Hiking is probably not the first thing that you associate with “shelter in place”, but our California order does allow walking and hiking for exercise and well-being. These hikes must be with the people you live with. Hikes for this merit badge do not have to be Scout hikes.
Hiking merit badge requires:
- One 5 mile hike
- Three 10 mile hikes
- One 15 mile hike
- One 20 mile hike
For each of these hikes, you need to make a plan before the hike and write up a reflection after the hike.
During this period, we have additional safety concerns. Hike where you can maintain a six foot social distance. Your hiking companions must be people you live with. Do not hike in remote areas. If anything goes wrong, the search and rescue team volunteers will need to break their social distance and may need to self-quarantine afterwards.
Here are some hiking guidelines from the Peninsula Open Space Trust (POST).
- Stay at home if you or others in your household are sick.
- Explore nature nearby and try to choose less-frequented parks and trails.
- Before visiting parks or preserves, check their websites for updated closure information. If a parking lot is full, crowded, or closed, do not go to the preserve.
- Go alone or with members of your household only. Do not hold social gatherings. Stay six feet away from people you don’t live with.
- Restrooms and other public facilities are closed; plan ahead before leaving home. Pack out all your trash.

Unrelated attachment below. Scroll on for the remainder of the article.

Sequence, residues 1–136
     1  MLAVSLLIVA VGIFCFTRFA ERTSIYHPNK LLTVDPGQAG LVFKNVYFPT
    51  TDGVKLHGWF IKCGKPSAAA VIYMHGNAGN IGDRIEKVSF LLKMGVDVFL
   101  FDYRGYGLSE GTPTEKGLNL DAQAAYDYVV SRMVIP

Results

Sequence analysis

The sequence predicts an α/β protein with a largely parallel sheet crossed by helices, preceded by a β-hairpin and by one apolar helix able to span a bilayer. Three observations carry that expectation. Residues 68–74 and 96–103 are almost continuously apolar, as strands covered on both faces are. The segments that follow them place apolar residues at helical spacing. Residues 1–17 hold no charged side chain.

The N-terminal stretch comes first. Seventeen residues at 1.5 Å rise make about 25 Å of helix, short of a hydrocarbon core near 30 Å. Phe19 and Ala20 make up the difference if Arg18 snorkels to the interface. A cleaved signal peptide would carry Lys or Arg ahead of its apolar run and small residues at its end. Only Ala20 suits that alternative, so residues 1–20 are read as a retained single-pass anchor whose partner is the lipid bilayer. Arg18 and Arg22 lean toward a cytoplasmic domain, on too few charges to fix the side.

- Don’t stay too long — give others the opportunity to have a safe experience as parking will be limited.
Of course, we always use the buddy system, so no solo hiking.
Would a hike into the backcountry of Henry Coe State Park be a good idea? Absolutely not. That is lovely country and spring is the right season to hike it, but it is rugged and remote. Instead, plan a hike along the SF Bay Trail, which is nearly all close to towns and roads. The Bay Trail is 500 miles long, so you won’t run out of trail any time soon. The SF Bay Ridge Trail is another possibilities, but only segments that parallel roads, like along Skyline Road in the Santa Cruz Mountains.
If you have any doubts, choose a different hike. If the trailhead is crowded, turn around and choose a different hike.
Hiking merit badge requires a lot of hikes, so even if you cannot (safely) finish it during this shelter in place order, you can get a start.
You can find the requirements on the BSA site (PDF) or at the US Scouting Service Project (with a worksheet).
The Hiking merit badge pamphlet is available online from the BSA.
For more posts like this, check out the Scouting at Home category on this blog.